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April 17, 2012 / KaTe

The Maths of a Project Manager in Scrum

Did you ever hear about the internal conflict of a Project Manager?

Three forces are battling inside one person. People, Process and Product, each with its weapon.

PM is forced to bring profit from the product, manage people and try to handle the process of creation. This is as opposite as it can be, the logic will always keep thinking about short term, cutting quality and crunching people.

So, what if we separate those areas? Let’s do the math:

Project = Product + Process

Manager = Money + People

And the one that has the money can own, thus:

Project Manager – People – Process = Product Owner

Hm… interesting. Let’s see how does this resonate with our croocked triangle.

The Development Team takes care of their own and the Scrum Master is there to guard the process. And everyone is balanced and happy!

By this time you surely realized that I can’t draw nor write straight using a tablet. This revelation is a bonus and you’ll be seeing more of that 😀

Credits:

A post by a fellow Scrum.org trainer, Ralph Jocham finally made me put that on (electronical) paper. Thanks Ralph!

You can find his post here: http://agiletips.blogspot.com/2012/04/separation-of-power-in-scrum.html?m=1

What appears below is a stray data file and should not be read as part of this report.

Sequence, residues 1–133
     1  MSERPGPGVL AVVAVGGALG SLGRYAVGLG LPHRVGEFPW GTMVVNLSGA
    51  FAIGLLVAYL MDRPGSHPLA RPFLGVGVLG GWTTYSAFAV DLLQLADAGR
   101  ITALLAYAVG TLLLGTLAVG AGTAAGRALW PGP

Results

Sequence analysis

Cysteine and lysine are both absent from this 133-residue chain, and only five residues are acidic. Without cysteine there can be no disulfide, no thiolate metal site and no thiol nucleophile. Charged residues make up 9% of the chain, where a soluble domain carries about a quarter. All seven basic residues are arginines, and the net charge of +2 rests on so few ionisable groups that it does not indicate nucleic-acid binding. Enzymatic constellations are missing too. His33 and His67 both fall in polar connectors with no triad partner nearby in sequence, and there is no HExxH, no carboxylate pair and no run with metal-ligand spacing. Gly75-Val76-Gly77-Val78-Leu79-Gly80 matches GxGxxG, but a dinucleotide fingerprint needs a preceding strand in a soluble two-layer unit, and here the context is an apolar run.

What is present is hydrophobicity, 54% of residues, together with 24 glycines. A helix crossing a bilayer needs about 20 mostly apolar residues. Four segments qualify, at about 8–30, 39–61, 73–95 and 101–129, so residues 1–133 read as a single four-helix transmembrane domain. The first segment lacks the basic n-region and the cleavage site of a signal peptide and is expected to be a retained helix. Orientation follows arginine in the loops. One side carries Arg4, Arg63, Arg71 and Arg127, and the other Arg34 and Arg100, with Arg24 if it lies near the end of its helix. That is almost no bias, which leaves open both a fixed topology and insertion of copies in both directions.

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2 Comments

Leave a Comment
  1. Peter / May 3 2012 2:33 am

    The math is missing an important component: ROI.

    Project Manager – People – Process + ROI = Product Owner

    Unlike a project manager, whose job it is to ensure that that the project stays in budget, the Product Owner must ensure that that the money is well spent. If it is not s/he is expected to stop development!

    In the classical approach, the responsibility for ROI is often spread across finance, product management and project management, meaning no one is really responsible for it.

  2. KaTe / May 7 2012 9:52 pm

    That’s a very valid point – thank you, Peter.
    It’s really overlooked by many organizations that the ROI responsibility should be concentrated in one point. In modern, project-driven companies it’s a standard, but unfortunately these kinds of companies are rare …

    Kate

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